As a huge campaign effort nears its end Jacinda Ardern underlined the importance of young voters to Labour by visiting another university - and says as someone who doesn't drink coffee she is "running on hugs".

"There is a sense of urgency now. My message to New Zealanders would be that we cannot wait another three years for the change we need," Ardern told media in Christchurch.

She was feeling surprisingly good inside the final 48 hours of a gruelling campaign.
"Exceptionally well I think for someone that doesn't drink coffee. I feel great. I've enjoyed every moment of it."

Jacinda Ardern was mobbed by fans during a walkabout at the University of Canterbury. Photo / Nick Jones
Jacinda Ardern was mobbed by fans during a walkabout at the University of Canterbury. Photo / Nick Jones

In Christchurch Ardern toured the Meadow mushrooms factory part owned by former National MP Philip Burdon, before attracting a crowd of hundreds at the University of Canterbury.

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While a lone National supporter was confronted by other attendees, Ardern was mobbed by selfie-seekers, with still more students filling balconies to get a glimpse of the Labour leader.

That scene has been a common one throughout the campaign, but Ardern acknowledged enrolments needed to lift.

"My message to young voters is to vote early, vote today, vote tomorrow."

In the final leaders debate Ardern clashed with English over National's claims that people will pay more income tax under Labour. National argues that is the case because its own tax cuts are legislated to take effect from April 1 next year.

Ardern said while talking to workers at the mushroom factory she had been asked if she was increasing income tax.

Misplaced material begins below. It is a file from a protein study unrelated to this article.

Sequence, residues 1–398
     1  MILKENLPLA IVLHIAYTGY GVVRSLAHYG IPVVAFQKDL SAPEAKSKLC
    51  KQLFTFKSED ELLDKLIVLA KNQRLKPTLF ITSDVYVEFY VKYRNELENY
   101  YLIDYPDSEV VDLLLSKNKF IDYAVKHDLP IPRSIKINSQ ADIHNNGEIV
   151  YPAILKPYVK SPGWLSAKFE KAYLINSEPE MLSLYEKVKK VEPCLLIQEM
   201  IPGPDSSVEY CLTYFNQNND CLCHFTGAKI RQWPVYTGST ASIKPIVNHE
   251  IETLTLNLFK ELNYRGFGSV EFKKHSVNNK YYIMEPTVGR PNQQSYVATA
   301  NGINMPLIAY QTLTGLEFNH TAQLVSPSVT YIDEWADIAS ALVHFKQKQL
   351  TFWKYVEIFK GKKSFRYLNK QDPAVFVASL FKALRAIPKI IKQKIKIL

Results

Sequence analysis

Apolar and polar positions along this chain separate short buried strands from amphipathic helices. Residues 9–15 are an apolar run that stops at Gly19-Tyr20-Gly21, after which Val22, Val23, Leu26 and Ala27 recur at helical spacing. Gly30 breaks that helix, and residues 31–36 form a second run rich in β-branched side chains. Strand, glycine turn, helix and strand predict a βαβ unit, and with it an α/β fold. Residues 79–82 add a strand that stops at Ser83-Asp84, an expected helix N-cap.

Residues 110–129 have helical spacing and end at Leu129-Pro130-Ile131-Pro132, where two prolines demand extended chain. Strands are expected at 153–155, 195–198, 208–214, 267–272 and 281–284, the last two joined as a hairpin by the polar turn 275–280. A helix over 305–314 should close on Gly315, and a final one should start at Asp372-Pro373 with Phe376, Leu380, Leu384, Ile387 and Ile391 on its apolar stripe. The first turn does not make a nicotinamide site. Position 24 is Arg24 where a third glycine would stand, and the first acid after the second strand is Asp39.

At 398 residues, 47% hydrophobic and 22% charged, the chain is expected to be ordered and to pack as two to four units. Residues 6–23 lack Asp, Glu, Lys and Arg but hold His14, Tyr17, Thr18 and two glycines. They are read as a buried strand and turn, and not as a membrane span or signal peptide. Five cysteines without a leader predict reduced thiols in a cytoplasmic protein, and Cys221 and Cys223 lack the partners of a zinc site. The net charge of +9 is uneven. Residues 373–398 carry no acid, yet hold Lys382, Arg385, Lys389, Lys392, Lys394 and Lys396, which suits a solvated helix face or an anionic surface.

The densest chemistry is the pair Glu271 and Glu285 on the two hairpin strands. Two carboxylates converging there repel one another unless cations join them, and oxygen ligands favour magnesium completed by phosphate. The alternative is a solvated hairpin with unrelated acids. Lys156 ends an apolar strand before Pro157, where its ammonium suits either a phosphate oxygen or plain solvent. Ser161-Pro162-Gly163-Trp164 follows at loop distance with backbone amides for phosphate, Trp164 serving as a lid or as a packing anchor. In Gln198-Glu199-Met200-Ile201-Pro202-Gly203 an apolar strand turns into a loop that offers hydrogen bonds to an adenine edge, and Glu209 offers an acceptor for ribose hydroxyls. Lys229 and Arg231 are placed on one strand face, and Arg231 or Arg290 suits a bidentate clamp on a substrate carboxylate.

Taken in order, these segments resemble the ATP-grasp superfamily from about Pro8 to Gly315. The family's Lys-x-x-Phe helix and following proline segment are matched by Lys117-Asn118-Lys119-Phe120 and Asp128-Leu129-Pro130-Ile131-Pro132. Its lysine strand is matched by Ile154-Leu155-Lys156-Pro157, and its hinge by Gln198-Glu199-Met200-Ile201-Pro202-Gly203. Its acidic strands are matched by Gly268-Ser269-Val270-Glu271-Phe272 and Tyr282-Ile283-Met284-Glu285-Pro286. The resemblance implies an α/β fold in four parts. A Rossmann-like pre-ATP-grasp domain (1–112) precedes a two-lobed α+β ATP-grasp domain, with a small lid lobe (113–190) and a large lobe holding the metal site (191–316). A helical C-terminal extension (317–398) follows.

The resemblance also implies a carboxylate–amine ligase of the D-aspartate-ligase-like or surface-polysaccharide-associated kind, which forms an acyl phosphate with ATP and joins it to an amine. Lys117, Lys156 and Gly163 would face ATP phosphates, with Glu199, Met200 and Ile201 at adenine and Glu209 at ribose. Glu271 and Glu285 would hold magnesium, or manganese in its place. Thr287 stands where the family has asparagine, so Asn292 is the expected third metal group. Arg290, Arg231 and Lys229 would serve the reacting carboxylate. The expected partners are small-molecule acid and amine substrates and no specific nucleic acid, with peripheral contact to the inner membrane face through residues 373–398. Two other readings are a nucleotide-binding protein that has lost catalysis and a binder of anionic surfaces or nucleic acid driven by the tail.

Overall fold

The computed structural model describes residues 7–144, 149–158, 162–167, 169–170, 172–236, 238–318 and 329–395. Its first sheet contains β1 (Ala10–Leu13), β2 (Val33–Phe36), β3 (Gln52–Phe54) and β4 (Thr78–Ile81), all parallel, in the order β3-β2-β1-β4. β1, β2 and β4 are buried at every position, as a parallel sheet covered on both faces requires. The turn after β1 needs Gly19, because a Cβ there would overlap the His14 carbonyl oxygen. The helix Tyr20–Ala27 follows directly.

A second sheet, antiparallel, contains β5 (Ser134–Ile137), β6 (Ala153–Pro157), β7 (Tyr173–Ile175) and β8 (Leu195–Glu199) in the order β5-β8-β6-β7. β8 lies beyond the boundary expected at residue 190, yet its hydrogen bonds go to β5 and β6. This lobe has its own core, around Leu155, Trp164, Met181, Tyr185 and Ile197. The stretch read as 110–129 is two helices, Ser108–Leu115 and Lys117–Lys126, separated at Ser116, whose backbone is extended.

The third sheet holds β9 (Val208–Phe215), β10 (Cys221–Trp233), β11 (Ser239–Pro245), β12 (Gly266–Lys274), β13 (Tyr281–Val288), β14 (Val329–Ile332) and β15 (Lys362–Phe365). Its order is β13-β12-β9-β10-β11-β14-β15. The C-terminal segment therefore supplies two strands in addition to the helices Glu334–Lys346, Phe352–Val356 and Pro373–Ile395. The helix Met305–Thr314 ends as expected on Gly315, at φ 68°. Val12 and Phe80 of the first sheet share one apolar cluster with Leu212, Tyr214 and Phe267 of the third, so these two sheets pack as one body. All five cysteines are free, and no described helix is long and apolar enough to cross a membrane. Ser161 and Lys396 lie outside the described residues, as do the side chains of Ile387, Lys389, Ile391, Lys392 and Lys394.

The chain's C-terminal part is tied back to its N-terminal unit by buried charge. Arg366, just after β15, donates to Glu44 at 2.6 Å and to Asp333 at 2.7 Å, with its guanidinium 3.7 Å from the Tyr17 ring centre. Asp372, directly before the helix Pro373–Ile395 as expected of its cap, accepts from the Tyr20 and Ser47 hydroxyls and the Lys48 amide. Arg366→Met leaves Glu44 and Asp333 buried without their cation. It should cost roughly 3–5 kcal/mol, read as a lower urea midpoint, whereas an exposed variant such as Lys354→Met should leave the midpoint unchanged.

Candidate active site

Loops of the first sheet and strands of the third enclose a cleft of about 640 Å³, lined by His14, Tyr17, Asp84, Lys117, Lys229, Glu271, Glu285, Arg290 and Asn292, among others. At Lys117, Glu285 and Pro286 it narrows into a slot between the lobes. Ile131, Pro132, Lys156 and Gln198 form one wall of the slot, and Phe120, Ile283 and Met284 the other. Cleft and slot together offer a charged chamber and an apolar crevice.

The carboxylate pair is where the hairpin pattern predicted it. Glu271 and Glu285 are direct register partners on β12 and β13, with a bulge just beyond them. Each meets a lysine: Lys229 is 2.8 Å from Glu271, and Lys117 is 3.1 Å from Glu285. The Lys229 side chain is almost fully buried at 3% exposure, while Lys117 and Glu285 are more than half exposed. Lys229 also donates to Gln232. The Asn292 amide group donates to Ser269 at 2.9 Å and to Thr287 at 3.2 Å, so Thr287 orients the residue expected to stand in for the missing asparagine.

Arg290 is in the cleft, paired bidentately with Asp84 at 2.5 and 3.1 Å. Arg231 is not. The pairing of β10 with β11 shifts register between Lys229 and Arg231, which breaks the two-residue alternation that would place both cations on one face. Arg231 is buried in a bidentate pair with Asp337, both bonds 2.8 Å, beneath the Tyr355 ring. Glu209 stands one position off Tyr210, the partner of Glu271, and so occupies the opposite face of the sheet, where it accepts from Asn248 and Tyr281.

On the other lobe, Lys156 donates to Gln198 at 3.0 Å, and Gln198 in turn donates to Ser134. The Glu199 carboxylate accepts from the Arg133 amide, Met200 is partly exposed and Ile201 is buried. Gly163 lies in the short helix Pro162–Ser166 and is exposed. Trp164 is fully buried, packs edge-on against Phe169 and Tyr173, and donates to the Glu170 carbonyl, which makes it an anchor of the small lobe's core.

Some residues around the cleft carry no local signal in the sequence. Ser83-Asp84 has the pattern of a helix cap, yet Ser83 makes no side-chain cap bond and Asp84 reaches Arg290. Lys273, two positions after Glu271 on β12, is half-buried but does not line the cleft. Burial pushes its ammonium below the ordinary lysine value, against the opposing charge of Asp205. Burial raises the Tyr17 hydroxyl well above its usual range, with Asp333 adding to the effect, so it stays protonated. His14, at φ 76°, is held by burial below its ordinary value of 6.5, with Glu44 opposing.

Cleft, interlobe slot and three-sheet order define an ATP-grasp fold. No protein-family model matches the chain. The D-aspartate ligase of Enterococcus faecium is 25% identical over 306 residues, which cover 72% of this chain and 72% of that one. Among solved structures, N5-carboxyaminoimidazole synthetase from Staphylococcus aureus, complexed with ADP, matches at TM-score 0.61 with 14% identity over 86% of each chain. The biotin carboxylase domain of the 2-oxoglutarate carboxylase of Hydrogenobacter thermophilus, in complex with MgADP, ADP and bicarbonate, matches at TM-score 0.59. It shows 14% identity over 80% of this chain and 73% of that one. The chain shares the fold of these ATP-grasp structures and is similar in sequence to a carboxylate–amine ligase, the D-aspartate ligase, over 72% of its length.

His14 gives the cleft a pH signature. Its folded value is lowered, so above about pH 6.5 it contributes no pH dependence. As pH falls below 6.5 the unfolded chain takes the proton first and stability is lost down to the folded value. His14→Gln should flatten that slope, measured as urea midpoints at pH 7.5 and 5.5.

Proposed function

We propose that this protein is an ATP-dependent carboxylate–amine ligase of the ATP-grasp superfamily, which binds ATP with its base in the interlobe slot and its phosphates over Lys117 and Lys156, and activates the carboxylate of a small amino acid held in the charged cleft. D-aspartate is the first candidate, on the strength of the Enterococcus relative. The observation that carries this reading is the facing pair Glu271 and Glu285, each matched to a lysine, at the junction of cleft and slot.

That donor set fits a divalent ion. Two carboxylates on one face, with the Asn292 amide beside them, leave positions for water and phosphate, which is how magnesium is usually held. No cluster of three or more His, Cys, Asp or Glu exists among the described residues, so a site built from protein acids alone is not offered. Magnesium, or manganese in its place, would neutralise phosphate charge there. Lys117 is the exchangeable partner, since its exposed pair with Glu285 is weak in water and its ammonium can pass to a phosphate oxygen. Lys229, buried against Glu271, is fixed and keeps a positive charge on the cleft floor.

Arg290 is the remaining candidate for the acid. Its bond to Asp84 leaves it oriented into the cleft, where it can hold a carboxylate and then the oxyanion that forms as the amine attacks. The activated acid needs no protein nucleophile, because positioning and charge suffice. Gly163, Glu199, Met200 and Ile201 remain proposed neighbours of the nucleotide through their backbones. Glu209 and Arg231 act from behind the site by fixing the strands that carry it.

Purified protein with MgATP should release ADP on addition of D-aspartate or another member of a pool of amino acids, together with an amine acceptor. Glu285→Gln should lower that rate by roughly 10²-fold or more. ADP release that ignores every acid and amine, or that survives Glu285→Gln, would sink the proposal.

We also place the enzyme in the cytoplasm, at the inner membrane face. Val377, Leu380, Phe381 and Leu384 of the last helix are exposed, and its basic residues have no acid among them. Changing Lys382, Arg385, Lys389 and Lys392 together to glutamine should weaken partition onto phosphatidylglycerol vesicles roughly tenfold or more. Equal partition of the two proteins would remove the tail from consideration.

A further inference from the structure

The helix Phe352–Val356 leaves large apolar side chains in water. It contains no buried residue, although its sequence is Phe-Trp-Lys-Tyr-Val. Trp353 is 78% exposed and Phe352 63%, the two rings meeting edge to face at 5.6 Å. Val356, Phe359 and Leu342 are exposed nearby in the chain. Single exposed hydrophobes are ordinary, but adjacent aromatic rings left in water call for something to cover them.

Jacinda Ardern visited Meadows Mushrooms and picked up some produce for her partner Clarke Gayford. Photo / Nick Jones
Jacinda Ardern visited Meadows Mushrooms and picked up some produce for her partner Clarke Gayford. Photo / Nick Jones

"It does a disservice to voters to tell them something that is patently untrue. The only place for blame to go is on the party that has spun the lie."

Ardern's partner Clarke Gayford accompanied her in Christchurch, and with no campaigning allowed during Saturday's vote she said she planned to finish painting the fence of the Mt Albert home she shares with Gayford.

"I figure there are going to be a lot of people standing outside it so it needs to be finished."

After flying back to Wellington, Ardern visited Labour's Wellington Central phone bank where other volunteers included former leader Andrew Little and Finance spokesman Grant Robertson. Using a campaign volunteer's pink-cased old Nokia phone, Ardern introduced herself to several voters on the Gisborne list.

"Susan, my name is Jacinda Ardern I'm the leader of the New Zealand Labour Party. How are you? Great, great."

Finally at Wainuiomata Rugby Club Ardern pledged up to $20 million to rebuild Wainuiomata High School - saying Labour's Hutt South candidate Ginny Anderson was right to call the National Government's commitment of $12m "little more than a facelift".

Ardern told the large crowd it was technically her last speech of the campaign, and played tribute to Gayford who "brought in a fish, gutted it, filleted it and was cooking it fresh for me after that debate last night".

She said the race was close.

"There was another poll out tonight. But I can tell you what our internal polling is telling us - there is just a few points in it. And when there's just a few points in it, that's when Labour is at its best. Because we run ground campaigns."

Ardern said one thing that had surprised her was the number of hugs she received during the campaign.

"I don't even drink coffee. I have been running on hugs this election."